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Kolinek v. Walgreen Co.

United States District Court, N.D. Illinois, Eastern Division

February 10, 2014

ROBERT KOLINEK, individually and on behalf of all others similarly situated, Plaintiff,
v.
WALGREEN CO., Defendant.

MEMORANDUM OPINION AND ORDER

MATTHEW F. KENNELLY, District Judge.

Robert Kolinek has filed suit on behalf of a putative class against Walgreen Co. (Walgreens), alleging that it made unsolicited calls to its current and former customers on their cellular telephones in violation of the Telephone Consumer Protection Act of 1991 (TCPA), 47 U.S.C. § 227(b)(1)(A)(iii). Walgreens has moved to dismiss for failure to state a claim. It argues that Kolinek consented to receiving the alleged calls on his cell phone by voluntarily providing his phone number to Walgreens and, in addition, that the calls are authorized by the TCPA's "emergency purposes" exemption. For the reasons stated below, this Court concludes that Walgreens has established its consent defense and therefore grants its motion to dismiss.

Background

The Court accepts as true the following facts alleged in Kolinek's complaint. See, e.g., Virnich v. Vorwald, 664 F.3d 206, 212 (7th Cir. 2011).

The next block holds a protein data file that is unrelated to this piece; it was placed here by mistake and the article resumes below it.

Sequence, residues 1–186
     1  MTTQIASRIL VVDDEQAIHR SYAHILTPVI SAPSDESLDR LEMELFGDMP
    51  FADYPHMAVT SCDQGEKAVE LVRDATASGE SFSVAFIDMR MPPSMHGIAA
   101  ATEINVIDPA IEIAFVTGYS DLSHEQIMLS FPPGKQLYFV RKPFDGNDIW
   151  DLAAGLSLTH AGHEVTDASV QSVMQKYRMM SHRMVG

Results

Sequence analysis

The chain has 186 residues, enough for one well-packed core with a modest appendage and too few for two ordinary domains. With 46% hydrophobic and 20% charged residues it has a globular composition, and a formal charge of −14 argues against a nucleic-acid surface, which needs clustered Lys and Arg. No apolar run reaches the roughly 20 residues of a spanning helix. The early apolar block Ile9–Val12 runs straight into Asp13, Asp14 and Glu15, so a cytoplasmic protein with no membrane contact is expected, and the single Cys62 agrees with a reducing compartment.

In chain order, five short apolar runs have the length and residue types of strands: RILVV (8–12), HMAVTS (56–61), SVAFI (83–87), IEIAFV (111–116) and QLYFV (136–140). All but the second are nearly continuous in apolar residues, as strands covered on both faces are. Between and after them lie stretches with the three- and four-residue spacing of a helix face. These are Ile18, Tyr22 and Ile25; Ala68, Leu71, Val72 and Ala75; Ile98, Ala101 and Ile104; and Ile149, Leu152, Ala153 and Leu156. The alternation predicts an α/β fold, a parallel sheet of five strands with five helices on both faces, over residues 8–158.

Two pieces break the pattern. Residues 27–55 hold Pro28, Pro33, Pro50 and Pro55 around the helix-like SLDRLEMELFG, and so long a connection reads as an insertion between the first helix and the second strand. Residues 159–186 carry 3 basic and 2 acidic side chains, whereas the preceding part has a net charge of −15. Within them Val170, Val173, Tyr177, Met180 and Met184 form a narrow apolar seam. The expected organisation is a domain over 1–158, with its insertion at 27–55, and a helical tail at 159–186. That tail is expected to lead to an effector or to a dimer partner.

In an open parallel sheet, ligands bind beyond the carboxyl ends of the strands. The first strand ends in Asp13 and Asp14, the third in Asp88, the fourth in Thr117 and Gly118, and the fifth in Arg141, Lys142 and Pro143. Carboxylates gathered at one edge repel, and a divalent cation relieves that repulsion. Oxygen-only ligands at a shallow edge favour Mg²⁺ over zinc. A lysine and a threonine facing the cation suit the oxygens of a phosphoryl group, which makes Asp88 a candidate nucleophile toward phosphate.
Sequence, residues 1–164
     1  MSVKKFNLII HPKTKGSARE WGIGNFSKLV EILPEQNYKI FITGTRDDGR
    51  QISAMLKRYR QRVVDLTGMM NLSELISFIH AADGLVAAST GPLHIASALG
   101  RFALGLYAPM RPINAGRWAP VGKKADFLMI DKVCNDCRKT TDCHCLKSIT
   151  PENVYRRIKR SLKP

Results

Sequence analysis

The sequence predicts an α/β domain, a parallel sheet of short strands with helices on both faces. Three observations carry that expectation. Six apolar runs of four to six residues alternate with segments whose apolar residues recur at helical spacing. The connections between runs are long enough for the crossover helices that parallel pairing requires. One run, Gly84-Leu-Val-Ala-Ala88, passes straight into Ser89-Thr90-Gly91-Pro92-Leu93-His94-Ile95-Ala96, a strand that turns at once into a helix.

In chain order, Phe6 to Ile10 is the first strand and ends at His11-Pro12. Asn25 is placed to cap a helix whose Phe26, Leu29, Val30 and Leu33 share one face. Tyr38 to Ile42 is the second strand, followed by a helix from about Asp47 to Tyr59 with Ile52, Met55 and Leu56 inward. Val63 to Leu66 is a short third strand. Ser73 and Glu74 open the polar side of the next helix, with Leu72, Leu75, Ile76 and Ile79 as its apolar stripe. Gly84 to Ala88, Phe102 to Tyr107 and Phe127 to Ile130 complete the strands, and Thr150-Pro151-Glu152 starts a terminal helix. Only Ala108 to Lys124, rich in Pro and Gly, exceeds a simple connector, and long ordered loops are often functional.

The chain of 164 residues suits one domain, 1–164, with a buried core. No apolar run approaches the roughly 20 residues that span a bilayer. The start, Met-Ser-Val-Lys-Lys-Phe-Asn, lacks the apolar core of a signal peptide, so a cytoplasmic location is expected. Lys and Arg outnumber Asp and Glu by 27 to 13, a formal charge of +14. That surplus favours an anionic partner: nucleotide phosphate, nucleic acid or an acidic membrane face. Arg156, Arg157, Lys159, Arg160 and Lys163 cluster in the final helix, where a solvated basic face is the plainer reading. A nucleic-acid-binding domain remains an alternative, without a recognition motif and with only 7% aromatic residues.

Kolinek filled a prescription at Walgreens "as many as ten years" before 2012. Compl. ¶ 18. At that time, he provided his cellular phone number to a Walgreens pharmacist, "who told him that his number was needed for potential identity verification purposes." Id. Kolinek says he gave no express consent to receive automated calls. Id. ¶¶ 18-19.

In early 2012, Kolinek began receiving automated "robocalls" from Walgreens on his cellular phone, in which he was reminded to refill his prescription. Id. ¶¶ 18 & 4. Kolinek alleges that Walgreens made thousands of such calls to its current and former customers across the United States. Id. ¶ 7.

Kolinek asserts a claim under the TCPA on behalf of himself and a nationwide putative class. He contends that Walgreens violated the TCPA because the calls in question were made using a prerecorded voice and without the recipients' consent.

Discussion